Full of Firsts
Finlayson earned her Bachelor of Arts from the University of Toronto in 1936 with a certification in Taxonomy and Biological control. This was during the height of the Great Depression, but she was eager to gain employment from the Dominion Parasite Laboratory in Belleville, Ontario. Despite her qualifications, she was a woman in the 1930s, and being so, she was not about to enter this field so easily and was turned away. However, she was headstrong and adamant to be considered beyond her biology and sat on their doorstep, refusing to leave. Eventually, they realized they needed an extra pair of hands. She was asked to help on a project which finally led to her gaining employment, becoming one of the first woman scientists to enter the federal research branch.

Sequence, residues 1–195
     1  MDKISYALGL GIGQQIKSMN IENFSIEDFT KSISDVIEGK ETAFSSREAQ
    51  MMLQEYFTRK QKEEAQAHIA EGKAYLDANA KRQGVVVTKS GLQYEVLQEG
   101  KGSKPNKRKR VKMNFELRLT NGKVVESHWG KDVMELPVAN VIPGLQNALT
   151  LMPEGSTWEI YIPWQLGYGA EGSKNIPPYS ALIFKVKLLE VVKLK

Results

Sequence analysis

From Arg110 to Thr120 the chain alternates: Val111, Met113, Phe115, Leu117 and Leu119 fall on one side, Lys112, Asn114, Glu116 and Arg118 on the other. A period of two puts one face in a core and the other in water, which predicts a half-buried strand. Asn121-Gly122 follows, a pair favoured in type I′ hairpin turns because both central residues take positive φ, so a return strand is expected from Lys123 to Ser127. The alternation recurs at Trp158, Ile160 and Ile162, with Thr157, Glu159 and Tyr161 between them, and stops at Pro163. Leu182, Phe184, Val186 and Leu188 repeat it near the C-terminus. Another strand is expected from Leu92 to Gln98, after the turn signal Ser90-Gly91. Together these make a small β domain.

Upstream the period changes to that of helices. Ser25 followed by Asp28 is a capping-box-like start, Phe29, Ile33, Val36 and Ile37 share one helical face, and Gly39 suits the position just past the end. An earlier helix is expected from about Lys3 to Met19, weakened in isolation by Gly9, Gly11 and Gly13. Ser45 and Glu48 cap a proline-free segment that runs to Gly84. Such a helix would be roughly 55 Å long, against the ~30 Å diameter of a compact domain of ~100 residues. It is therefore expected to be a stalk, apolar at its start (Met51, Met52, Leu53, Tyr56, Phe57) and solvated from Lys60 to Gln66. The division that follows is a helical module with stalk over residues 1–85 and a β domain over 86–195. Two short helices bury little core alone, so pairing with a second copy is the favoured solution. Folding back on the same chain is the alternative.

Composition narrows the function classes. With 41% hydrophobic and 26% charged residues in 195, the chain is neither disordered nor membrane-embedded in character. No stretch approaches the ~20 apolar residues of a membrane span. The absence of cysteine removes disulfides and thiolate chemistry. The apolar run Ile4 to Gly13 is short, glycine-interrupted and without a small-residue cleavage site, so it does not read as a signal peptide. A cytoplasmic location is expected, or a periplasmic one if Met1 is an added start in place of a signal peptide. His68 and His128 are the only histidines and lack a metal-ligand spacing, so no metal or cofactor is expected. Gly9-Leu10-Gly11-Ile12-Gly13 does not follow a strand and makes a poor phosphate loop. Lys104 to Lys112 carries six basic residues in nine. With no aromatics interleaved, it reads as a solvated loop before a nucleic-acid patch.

However, this victory was shortly lived because she later married another entomologist, Roy Finlayson, and in the 1940s, married women could not work in civil service. When World War II hit and women were needed to fill the employment vacancies left by men, Thelma was hired. As you may expect, when the war came to a close, Thelma was let go once again. However, Thelma is not so easily swayed. The injustice towards her only made her passion for equality grow, and she fought to eventually earn the title of Assistant Deputy Minister and becoming a spearhead for Canadian women in STEM. Her influential work as an entomologist for the government even led to two insects being named after her, an oakworm moth, Anisota finlaysoni, and a wasp, Mesopolobus finlaysoni.